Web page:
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Nvidia pushes further into mainstream computing

Nvidia Corp said it will ship its new chip architecture in the next few months, strengthening its position in computer processing while promising improved graphics performance across its chip offerings.

The company, which made its name selling specialty computer graphics chips designed for gaming, on Wednesday demonstrated a new chip architecture code-named “Fermi,” which Nvidia's Chief Executive Jen-Hsun Huang said will roll out in the next few months across the company's GeForce, Quadro and Tesla graphics processors.

“It's a brand new architecture which is designed to be a computer first,” Huang said at a computer developer conference in San Jose.

Fermi's list of features include support for more programming languages such as Microsoft Corp's Visual Studio and the C++ programming language, and an eight-fold increase in so-called “peak double precision arithmetic,” which the company said is critical for applications such as linear algebra, numerical simulation, and quantum chemistry.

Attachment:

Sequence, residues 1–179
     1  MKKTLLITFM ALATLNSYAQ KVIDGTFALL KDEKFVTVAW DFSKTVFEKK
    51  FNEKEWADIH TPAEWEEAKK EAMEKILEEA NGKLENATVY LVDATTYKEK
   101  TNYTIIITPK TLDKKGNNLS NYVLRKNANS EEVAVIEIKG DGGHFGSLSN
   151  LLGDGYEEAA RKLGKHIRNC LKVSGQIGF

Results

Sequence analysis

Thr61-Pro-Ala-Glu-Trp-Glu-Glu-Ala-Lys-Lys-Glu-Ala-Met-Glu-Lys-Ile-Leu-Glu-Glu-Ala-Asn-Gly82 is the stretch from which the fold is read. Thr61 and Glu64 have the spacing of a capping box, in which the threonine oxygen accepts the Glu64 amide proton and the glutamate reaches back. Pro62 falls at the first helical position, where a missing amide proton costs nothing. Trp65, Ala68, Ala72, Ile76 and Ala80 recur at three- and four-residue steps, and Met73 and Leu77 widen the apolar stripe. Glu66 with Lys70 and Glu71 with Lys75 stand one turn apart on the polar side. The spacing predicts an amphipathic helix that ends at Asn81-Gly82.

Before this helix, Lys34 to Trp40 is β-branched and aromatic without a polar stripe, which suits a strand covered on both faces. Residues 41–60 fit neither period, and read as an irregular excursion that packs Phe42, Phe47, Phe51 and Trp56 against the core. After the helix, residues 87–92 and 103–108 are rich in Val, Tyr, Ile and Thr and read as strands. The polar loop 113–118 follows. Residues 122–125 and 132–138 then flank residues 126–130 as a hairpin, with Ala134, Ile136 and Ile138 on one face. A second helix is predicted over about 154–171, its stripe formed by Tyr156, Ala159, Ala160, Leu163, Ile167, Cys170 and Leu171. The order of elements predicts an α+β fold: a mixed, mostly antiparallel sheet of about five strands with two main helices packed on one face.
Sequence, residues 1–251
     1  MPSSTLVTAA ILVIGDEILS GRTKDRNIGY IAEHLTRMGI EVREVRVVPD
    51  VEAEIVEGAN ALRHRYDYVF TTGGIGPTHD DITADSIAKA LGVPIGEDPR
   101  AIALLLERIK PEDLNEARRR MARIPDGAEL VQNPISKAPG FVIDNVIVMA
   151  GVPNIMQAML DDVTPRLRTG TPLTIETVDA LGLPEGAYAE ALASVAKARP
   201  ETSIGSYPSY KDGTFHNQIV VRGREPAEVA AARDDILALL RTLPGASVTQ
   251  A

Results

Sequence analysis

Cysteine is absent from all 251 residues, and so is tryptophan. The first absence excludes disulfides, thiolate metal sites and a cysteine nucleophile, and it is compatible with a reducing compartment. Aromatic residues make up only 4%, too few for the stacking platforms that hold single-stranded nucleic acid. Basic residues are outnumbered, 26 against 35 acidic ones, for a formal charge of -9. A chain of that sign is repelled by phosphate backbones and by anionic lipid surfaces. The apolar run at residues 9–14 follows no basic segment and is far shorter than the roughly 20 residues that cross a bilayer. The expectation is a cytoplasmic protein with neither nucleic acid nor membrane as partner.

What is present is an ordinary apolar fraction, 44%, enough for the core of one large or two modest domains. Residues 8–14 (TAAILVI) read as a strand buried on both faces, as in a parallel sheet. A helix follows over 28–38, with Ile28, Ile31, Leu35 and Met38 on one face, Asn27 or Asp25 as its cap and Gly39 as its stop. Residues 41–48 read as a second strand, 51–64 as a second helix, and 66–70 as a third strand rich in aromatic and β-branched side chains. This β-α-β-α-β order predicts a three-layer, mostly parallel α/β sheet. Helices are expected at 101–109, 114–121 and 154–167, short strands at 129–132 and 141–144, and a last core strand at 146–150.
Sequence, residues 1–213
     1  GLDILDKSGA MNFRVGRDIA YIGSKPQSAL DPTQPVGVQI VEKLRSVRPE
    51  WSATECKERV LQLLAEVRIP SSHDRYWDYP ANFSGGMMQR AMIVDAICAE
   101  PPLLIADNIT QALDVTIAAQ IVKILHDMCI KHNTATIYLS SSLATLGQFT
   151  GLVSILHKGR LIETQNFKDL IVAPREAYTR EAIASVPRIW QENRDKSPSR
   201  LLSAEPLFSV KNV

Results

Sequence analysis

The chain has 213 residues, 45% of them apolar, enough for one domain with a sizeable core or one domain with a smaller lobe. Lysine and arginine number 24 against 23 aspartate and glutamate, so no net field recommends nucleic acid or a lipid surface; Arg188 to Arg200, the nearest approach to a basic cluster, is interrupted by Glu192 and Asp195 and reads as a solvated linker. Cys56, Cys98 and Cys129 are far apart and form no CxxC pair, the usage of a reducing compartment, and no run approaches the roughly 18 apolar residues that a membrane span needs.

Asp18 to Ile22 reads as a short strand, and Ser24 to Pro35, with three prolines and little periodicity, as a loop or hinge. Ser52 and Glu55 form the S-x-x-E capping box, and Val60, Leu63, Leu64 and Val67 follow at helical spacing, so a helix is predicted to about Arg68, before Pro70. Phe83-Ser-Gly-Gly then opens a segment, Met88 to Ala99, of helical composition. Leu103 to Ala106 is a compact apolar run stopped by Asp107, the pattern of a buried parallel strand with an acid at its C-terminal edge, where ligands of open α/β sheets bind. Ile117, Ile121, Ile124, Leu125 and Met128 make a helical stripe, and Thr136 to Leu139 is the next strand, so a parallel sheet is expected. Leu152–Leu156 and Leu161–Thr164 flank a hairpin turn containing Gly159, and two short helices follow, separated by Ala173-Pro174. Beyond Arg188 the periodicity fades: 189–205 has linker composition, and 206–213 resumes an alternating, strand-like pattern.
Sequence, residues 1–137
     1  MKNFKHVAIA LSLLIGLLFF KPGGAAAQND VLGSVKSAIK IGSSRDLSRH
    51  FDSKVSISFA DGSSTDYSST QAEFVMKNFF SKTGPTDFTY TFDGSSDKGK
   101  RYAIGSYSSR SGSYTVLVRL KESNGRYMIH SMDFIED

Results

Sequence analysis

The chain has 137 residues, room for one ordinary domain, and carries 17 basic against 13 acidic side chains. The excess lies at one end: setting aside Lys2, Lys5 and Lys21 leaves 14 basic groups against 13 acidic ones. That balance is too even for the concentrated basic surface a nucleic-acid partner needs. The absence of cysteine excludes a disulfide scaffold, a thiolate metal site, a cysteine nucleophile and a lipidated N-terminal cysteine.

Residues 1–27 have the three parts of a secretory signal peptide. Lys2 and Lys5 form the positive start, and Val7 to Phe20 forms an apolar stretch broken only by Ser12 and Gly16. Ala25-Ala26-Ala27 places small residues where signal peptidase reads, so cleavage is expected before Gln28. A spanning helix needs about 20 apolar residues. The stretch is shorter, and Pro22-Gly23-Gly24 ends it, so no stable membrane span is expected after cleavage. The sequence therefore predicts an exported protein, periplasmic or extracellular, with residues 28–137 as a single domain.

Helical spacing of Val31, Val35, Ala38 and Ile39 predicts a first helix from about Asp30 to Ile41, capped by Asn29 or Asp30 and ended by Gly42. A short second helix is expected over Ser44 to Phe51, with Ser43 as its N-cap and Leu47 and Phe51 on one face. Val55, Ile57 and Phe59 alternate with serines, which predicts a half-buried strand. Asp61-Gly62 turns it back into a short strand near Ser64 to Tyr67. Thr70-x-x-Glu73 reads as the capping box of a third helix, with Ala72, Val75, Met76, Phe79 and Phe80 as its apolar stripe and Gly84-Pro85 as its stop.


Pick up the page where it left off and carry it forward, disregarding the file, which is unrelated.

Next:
“We call it a supercomputer with the soul of a GPU (Graphics Processing Unit),” Huang said, adding that the new chip architecture will perform both graphics and computer processes equally, while delivering still better performance.

Over the past few years, Nvidia has shifted its emphasis from desktop graphics to high-end servers and supercomputers with the release of its Tesla chips, and to low-end markets like netbooks, and mobile devices like Microsoft's new Zune HD media player.

“We have 100% share of a $10 million business,” Huang said of the company's Tesla chips, which he said netted the company $10 million in the last quarter.

He added that he sees “GPU-computing” as a new multibillion-dollar business opportunity in the next few years.

“The PC has matured,” Huang said of his core business market. “All of the interesting stuff is in the cloud (servers) or in little devices.”

He added, “Hopefully we can create a brand new market of multiple billions of users of computing devices spread out all over the globe, all over the Internet.” (Reuters)